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>Ode to the Perfect Paci

February 23, 2011

>I had to dredge this up from my pre-blogging days because…. Long sigh. I confess: Perfect Paci’s days are, now, sadly numbered.  That story needs this  one for background: my love affair with Joy’s pacifiers.

At our next garage sale there will be a shoe box of pairs of almost new pacifiers: one still in the package never used; the other one of each pair tried once and rejected by our resident Paci connoisseur. All are the byproduct of the Great Pacifier Quest –which about half of us are launched on when our baby comes home from Korea attached to a single specimen of a rare pacifier, as of two of my three have been.
The first time, we got lucky: our daughter’s favorite Korean pacifier had an American twin. The second time I thought we were even luckier. She came home with an American-branded pacifier –Avent, which is available in Korea.
Then two bad things happened: Avent stopped manufacturing that model; and my daughter started using her pacifiers for teething.
Some might think I’m crazy to spend hours of free time standing in store aisles, chewed pacifier in hand, peering through packaging at new pacifiers, trying to discern: is the straight part of the stalk long enough? Is that most- elusive bulbous end just right: silicone, not latex; ovid, not round; gently flat yet missing that abhorrent smashed-flat underbelly that makes other pacifiers orthodontically correct?
 Other well-intended folks insist this is the natural time to ‘wean’ my daughter of her pacifier –perhaps attach the last one to a helium balloon in an official bye-bye ceremony, sending this last remnant of infancy winging up to heaven where (I’m supposed to tell her) a new little baby might need it more than she does.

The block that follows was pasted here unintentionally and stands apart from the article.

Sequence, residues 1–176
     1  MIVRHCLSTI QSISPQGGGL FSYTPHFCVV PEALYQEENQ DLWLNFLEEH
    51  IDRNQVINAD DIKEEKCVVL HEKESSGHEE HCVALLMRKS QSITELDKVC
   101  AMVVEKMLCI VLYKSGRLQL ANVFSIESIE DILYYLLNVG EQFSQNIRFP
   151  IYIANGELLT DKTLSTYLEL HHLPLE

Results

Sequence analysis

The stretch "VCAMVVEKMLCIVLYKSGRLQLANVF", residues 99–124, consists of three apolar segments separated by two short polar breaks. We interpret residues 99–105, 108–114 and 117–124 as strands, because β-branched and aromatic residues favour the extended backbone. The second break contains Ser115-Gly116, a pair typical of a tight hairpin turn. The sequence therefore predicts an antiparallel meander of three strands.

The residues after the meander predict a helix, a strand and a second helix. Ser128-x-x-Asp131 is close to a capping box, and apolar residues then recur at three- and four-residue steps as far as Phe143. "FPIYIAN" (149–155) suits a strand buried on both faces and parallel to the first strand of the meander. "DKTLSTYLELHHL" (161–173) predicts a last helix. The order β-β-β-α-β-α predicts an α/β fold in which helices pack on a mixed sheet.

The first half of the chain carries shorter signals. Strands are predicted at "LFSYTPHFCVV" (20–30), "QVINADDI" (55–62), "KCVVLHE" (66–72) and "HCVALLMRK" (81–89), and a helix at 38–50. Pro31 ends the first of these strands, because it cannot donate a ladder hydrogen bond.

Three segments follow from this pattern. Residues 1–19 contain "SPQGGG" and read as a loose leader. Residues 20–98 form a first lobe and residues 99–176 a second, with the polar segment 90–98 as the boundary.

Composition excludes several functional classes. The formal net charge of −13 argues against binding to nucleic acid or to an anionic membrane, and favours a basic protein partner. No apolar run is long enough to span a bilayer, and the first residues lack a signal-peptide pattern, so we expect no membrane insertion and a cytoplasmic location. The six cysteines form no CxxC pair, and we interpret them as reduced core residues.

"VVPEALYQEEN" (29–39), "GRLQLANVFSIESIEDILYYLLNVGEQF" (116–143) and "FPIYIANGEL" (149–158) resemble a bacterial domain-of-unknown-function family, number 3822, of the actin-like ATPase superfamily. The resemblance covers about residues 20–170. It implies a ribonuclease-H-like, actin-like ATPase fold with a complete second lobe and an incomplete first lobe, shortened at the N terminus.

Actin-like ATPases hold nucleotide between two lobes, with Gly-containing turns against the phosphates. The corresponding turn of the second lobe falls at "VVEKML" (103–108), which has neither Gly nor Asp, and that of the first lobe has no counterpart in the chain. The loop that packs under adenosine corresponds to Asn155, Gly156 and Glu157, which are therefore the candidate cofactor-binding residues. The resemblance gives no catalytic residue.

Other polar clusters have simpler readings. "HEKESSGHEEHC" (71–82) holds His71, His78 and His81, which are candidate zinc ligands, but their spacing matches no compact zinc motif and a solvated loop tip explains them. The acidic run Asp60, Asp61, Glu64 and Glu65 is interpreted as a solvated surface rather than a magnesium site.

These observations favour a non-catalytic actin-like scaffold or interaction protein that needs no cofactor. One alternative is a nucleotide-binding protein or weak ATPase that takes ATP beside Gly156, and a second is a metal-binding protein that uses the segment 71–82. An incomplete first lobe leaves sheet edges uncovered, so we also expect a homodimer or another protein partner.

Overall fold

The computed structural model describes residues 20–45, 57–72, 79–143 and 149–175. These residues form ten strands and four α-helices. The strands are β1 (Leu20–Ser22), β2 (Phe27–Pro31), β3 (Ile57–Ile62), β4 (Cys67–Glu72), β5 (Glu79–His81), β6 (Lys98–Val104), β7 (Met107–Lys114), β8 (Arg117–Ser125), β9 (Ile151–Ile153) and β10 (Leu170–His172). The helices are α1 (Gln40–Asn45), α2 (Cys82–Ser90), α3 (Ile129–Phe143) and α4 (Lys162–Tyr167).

They misunderstand.  Nobody needs the Perfect Pacifier more than I do.
I’m 42 years old. This is my fourth child and the only one ever to routinely sleep 13 hours at a stretch. I am a sane mom for the first time in nine years because I actually sleep at night. My baby sleeps like a baby –as long as there are two or three pacifiers floating at hand in her dreams so that at any moment she can blindly reach out, grope for a pacifier, touch the magical click-clack of ring on rim, and sound the blissful suck-suck-sigh of a child drifting back to sleep with no help from mommy or daddy.
No: it is not craziness, but sanity that sends me to store after store trying to clone the Perfect Paci.
Saturday morning, I found it. My baby is now the indiscriminate lover of NEW Perfect Pacifiers which, in the dark, must sufficiently pass for the treasured, chewed-up loved-ones.  Now I can retire those, and also lay to rest the worry she’ll bite the end completely off a pacifier and choke herself to death.
 Sunday afternoon I bought six more, and advised my husband we might as well buy stock in Philips-Avent because I intend to let this child keep her treasured pacifiers in bed at night until she goes to college if she wants to.
So the moral of the story is this: when you travel to Korea to bring home your baby, at your first meeting ask your foster mother:  “Does he use a pacifier? What brand? Where can I buy it?” Then ask your social worker to write out “X [fill in the brand] pacifier” in Hangul and carry the note with you when you go out. Show it at every likely shop and stock up on Perfect Pacifiers in Korea.  When you get back home, if you’re one of the lucky few whose baby spits out his pacifier and never looks back, you’ll have a treasure to offer the sleep deprived parents of Korean children who make desperate Internet posts –or stalk the aisles of SuperTarget –seeking a clone of their baby’s favorite Korean pacifier.
If not –if your child, like mine, enters  toddlerhood with a mouthful of teeth and a connoisseur’s appreciation for the nuances of each Perfect Paci in her collection—at least you’ll be able to sleep at night. Literally. And you’ll save yourself the ignonimity of explaining to garage-sale shoppers why you are off-loading a small fortune in new (but not Perfect) pacifiers at 50 cents a pair.
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